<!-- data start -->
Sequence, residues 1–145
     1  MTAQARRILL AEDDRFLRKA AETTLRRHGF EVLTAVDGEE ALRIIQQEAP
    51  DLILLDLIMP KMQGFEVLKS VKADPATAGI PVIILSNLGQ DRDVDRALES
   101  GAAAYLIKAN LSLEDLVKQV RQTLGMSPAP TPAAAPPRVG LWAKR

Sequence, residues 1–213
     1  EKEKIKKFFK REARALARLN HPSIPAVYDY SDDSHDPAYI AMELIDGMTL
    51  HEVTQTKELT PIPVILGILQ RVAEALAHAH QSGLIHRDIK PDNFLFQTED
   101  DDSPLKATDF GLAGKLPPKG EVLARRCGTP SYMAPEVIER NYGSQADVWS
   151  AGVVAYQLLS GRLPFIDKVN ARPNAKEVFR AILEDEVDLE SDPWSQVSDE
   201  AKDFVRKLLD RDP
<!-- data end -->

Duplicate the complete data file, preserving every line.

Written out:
Sequence, residues 1–145
     1  MTAQARRILL AEDDRFLRKA AETTLRRHGF EVLTAVDGEE ALRIIQQEAP
    51  DLILLDLIMP KMQGFEVLKS VKADPATAGI PVIILSNLGQ DRDVDRALES
   101  GAAAYLIKAN LSLEDLVKQV RQTLGMSPAP TPAAAPPRVG LWAKR

Sequence, residues 1–213
     1  EKEKIKKFFK REARALARLN HPSIPAVYDY SDDSHDPAYI AMELIDGMTL
    51  HEVTQTKELT PIPVILGILQ RVAEALAHAH QSGLIHRDIK PDNFLFQTED
   101  DDSPLKATDF GLAGKLPPKG EVLARRCGTP SYMAPEVIER NYGSQADVWS
   151  AGVVAYQLLS GRLPFIDKVN ARPNAKEVFR AILEDEVDLE SDPWSQVSDE
   201  AKDFVRKLLD RDP